New England’s Answer To Alaskan Homestead Nettle Bread

New England’s Answer to Alaskan Nettle Bread.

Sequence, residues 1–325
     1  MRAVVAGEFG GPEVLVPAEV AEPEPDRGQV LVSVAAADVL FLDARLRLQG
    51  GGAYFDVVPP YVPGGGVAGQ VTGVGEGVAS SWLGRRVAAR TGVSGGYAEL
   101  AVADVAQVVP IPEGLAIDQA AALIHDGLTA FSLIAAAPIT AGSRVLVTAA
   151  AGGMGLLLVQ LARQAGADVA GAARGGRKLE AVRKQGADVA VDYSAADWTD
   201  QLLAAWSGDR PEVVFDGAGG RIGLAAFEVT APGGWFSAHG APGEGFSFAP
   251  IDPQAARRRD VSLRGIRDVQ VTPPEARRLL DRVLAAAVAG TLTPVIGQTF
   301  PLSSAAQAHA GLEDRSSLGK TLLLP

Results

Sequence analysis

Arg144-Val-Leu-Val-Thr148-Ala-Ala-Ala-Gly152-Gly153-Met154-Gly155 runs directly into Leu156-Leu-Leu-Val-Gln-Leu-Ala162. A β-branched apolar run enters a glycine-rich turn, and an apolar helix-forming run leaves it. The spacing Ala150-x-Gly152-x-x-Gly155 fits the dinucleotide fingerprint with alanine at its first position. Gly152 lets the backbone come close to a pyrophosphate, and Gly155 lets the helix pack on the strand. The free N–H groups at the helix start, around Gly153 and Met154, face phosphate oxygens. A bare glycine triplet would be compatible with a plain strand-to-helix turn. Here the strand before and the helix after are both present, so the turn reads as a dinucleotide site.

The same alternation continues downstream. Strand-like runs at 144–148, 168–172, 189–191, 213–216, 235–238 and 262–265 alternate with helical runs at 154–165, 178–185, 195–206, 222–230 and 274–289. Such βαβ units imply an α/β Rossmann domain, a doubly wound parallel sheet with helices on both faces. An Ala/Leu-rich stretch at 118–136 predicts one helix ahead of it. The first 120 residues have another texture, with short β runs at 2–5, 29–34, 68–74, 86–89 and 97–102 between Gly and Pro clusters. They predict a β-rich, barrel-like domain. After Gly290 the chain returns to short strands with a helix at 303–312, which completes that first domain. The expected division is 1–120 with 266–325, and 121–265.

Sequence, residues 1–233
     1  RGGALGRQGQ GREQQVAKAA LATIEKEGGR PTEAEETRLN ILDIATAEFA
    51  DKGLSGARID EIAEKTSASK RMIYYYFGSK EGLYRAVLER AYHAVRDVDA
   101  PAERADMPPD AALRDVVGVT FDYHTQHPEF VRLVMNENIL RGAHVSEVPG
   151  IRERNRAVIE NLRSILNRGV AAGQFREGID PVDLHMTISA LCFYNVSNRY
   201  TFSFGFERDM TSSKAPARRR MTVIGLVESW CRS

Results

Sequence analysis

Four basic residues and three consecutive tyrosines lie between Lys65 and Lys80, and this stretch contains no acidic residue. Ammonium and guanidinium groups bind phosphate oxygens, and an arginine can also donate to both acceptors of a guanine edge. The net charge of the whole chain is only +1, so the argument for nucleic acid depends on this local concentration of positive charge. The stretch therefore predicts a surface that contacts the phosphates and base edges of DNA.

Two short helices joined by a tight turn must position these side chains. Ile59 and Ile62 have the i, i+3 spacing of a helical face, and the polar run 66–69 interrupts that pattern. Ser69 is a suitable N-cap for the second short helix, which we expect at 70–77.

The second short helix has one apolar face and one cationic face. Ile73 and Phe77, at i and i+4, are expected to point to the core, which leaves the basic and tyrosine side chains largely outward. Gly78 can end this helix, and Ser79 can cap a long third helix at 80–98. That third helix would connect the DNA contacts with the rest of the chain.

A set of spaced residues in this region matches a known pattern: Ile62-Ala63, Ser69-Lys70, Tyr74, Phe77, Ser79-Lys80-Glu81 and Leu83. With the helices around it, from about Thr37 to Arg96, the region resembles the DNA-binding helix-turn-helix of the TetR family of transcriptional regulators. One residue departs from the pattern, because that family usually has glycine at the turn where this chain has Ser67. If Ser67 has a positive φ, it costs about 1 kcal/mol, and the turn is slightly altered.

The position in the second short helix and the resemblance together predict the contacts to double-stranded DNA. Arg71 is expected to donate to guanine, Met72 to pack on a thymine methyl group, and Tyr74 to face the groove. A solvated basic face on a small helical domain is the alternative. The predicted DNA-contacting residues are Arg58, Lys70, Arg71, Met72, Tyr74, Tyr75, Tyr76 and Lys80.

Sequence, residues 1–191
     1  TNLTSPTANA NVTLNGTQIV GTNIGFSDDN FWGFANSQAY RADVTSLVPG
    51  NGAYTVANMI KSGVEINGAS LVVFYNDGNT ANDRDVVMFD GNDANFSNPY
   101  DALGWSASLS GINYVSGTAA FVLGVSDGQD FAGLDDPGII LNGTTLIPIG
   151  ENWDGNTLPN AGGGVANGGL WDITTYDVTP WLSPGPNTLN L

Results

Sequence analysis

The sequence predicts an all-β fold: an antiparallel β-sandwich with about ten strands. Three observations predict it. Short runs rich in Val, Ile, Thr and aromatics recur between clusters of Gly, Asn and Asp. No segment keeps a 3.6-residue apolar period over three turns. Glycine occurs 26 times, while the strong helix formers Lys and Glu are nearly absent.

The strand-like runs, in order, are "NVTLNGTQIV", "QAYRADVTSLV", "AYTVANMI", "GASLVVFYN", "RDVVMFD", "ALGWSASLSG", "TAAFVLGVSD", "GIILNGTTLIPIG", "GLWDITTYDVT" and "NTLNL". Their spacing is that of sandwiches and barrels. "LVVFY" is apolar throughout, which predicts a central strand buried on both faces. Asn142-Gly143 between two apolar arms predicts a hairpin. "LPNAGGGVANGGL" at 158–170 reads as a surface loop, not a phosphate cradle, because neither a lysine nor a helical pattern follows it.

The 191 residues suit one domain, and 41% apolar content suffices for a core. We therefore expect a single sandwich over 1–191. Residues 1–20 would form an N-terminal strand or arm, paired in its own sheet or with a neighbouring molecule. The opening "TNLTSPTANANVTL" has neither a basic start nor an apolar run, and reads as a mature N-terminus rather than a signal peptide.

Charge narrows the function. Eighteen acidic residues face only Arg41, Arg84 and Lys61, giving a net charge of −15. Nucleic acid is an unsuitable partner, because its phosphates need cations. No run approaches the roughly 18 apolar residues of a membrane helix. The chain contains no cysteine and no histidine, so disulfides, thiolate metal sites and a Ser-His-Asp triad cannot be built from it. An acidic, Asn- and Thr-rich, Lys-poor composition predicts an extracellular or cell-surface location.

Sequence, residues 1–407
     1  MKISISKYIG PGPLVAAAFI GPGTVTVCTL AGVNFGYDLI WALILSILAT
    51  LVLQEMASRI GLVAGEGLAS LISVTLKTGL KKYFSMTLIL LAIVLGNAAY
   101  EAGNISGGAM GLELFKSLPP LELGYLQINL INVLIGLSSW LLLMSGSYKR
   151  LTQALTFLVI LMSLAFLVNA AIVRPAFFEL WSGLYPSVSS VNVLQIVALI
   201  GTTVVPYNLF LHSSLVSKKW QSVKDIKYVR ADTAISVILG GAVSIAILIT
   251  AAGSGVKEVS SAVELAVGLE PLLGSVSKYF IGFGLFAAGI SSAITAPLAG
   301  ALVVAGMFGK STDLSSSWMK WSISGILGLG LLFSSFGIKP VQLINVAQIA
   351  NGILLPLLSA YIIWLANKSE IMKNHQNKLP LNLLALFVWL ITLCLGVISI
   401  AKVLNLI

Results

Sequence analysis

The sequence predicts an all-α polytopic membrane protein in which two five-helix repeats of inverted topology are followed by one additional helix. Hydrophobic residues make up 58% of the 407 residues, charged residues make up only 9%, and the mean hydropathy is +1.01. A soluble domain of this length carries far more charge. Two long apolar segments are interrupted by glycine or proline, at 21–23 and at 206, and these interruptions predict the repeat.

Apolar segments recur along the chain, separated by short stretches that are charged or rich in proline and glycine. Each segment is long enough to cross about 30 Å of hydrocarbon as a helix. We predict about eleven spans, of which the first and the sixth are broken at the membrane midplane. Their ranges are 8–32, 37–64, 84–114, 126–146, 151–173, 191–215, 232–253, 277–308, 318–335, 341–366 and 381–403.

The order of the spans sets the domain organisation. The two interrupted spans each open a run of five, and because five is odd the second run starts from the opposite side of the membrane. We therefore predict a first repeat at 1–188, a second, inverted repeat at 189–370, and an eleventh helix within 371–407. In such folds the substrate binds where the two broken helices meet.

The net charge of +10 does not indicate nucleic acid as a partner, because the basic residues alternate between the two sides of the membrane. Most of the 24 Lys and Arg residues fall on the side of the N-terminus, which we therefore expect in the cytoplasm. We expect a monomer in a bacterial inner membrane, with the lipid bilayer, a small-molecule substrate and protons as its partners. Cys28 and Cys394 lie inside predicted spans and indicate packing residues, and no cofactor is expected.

Sitting here, in the wood stove’s warmth, I can see the trees, they look cold and stressed by the winter. Perhaps it is the unwinter like warmth lately… It is February, usually a month of blizzards this year a month of mud. And I keep hearing we shouldn’t be concerned about climate change…. Right… I am literally sitting here, watching the seasons shift. First winter started to begin later and later in the season. Now it is all but gone in it’s entirety. With moments of super cold temperature, sudden white out blizzards lasting 5 minutes, then gone… Now the plants and animals can not return to their normal phase when they are supposed to due to winter being pushed into Spring. That means, vegetation that feeds bees can’t happen as it used to and so many other issues for wildlife and the bugs we depend on for all kinds of things we don’t even realize we depend on them for. These things being the base for all food production in the region. Soon the food we live on will go the way of the extinct animals dying in droves lately. Then what will we do? It isn’t just happening here either. It is happening across the country. As far off as Alaska even. It is happening across the world. And I am “fortunate” enough to have a front row seat to watch the earth die in real time. While I eek out a life on my 5 acre homestead in the Bay State. Sitting here today, I smell mud when I should smell snow.